The little creature lay on its side, its chest rising and falling rhythmically. A few strides brought him to its side and he knelt, running his hand over its soft fur and marvelling at the heat of its body. That it was still breathing was a source of both relief and pleasure to him.
The hum took him by surprise, jerking him from his thoughts like an electric shock. Half rising, twisting around, he shouted to the other man but the words were caught in the rising tone. The blast of light he should have been expecting caught him unawares; the unconsciousness he should have remembered was coming dropped him like a stone.
Deor’s sleeping form looked oddly peaceful, the stranger concluded as he turned off the remarkable machine. He didn’t look like he’d just been coshed by his own invention, but instead like he’d chosen to sleep there himself, curled up with bare feet pressed together. He wouldn’t thank his visitor for it, but there was a lot David wasn’t going to be thankful for in his immediate future, and making him come peacefully now was worth the explanations later.
He should have expected it, he knew. That impending sense of something; he should have guessed that it was going to hit much sooner than he’d thought. The sand cushioned the impact as he slumped to his knees before the greenish-blue puddle that had once been an oasis, his nose only briefly protesting the smell before closing down entirely. The carcasses in various states of decay only reinforced what his eyes were telling him. This is it, then.
The shifting sound behind him went unnoticed.
The cold muzzle of a gun pressed to the back of his skull, the click as the safety was released; that wasn’t so easy to ignore.
“Found you, ghost.”
A sudden impact across the head, and then dreamless sleep.
Challenge: Pumpkin Pie #9 - Cobwebs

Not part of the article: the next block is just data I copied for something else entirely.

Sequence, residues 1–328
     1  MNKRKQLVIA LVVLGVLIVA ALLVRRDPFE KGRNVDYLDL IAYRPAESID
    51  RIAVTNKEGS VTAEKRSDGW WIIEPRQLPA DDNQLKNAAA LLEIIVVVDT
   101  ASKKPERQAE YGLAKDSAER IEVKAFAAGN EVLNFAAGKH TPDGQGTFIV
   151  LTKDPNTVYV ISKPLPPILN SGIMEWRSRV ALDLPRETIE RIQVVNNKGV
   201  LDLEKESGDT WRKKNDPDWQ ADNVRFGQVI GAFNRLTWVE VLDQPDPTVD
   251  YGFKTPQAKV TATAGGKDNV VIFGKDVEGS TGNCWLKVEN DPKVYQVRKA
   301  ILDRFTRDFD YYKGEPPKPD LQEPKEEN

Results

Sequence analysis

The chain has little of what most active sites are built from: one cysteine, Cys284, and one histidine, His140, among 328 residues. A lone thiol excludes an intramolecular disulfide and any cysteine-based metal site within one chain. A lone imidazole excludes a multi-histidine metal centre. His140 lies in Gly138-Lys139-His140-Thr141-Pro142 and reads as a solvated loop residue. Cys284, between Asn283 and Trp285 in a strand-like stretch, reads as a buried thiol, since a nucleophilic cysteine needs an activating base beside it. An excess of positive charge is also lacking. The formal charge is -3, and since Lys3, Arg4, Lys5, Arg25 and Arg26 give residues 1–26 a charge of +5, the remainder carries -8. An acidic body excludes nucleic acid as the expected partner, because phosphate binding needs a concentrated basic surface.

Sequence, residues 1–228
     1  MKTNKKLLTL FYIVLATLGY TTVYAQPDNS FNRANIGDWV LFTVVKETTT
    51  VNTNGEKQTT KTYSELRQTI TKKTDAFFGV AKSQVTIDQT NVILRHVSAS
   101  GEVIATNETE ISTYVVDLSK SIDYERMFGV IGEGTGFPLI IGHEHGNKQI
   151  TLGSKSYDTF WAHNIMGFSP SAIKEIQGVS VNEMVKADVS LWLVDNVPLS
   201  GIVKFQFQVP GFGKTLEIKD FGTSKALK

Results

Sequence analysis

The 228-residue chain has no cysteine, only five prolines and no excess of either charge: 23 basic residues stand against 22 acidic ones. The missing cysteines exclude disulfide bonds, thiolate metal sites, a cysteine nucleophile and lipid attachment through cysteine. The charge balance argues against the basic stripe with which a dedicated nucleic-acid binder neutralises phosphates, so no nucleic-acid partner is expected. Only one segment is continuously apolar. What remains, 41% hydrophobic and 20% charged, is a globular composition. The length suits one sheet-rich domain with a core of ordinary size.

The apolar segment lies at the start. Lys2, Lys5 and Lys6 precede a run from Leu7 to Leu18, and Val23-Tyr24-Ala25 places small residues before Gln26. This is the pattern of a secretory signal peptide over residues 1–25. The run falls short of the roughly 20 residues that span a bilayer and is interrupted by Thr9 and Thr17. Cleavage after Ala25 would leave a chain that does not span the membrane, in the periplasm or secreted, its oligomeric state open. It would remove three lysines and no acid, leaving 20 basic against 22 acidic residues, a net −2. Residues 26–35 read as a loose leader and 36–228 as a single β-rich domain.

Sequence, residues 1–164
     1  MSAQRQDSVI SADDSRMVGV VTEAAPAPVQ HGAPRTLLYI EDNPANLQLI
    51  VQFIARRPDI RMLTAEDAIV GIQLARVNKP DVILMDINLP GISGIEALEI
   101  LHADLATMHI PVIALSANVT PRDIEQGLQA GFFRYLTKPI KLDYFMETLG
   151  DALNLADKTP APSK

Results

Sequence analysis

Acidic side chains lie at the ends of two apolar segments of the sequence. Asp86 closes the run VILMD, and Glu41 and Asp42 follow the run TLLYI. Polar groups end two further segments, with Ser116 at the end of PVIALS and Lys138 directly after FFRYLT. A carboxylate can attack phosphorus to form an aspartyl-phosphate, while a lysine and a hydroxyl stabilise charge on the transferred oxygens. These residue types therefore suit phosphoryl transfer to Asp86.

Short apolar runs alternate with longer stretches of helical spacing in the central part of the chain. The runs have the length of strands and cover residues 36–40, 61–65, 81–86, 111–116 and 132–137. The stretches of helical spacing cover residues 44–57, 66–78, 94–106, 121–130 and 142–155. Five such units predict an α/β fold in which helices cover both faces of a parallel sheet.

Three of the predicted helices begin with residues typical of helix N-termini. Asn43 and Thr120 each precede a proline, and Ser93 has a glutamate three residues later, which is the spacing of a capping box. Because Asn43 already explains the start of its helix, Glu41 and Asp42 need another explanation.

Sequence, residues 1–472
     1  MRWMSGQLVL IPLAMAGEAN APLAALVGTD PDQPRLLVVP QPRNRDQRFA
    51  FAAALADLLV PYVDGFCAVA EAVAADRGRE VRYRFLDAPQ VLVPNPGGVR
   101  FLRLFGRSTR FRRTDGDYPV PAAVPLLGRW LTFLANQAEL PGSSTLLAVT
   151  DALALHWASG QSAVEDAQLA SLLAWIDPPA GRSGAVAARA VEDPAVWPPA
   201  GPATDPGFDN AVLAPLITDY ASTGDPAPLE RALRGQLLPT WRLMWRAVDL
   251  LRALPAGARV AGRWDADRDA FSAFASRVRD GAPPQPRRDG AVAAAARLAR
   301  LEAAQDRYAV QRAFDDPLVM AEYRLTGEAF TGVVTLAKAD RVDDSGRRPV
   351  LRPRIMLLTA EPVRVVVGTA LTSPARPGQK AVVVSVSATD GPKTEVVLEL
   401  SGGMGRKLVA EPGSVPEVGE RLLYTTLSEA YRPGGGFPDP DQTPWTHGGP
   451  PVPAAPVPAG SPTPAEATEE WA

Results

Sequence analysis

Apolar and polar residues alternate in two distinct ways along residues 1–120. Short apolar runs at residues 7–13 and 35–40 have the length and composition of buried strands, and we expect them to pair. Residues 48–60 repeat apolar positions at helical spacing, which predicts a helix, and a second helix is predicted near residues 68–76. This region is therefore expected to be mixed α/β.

Word Count: 100
Summary: David wakes up, and wishes he hadn't.
It was cold when he woke, and gloomy. His bare feet scrabbled reflexively against the floor, like a startled rabbit, and his fingers scraped across the rough surface. No joy; it was unyielding. His eyes took their time adjusting. He only knew it was as good as it’d get when he could make out cobwebs spreading from ceiling corner to corner.
He was the first visitor here in a long time. Perhaps inmate was a better word.
A sliver of light appeared in front of him, rapidly blocked.
“Mr. Deor, please make yourself comfortable. You may be here some time.”
Challenge: Pumpkin Pie #10 - Torture
Word Count: 1,327
Summary: David explains a little of his past to the stranger. It's not like he's got much choice...
Notes: Contains asphyxia and violence.
The back of his head was throbbing, that was the first thing he was conscious of. Beyond the heat and the discomfort and the sand in his mouth, the nagging, aching pain. He buried his head under his arms, wishing he could bury it beneath the sand too and forget everything.
A foot caught him in the ribs, not hard - not hard enough to break anything, anyway - and David exhaled a heavy breath he didn’t know he’d been holding. “Fuck you,” he grunted, tensing his stomach for a second blow.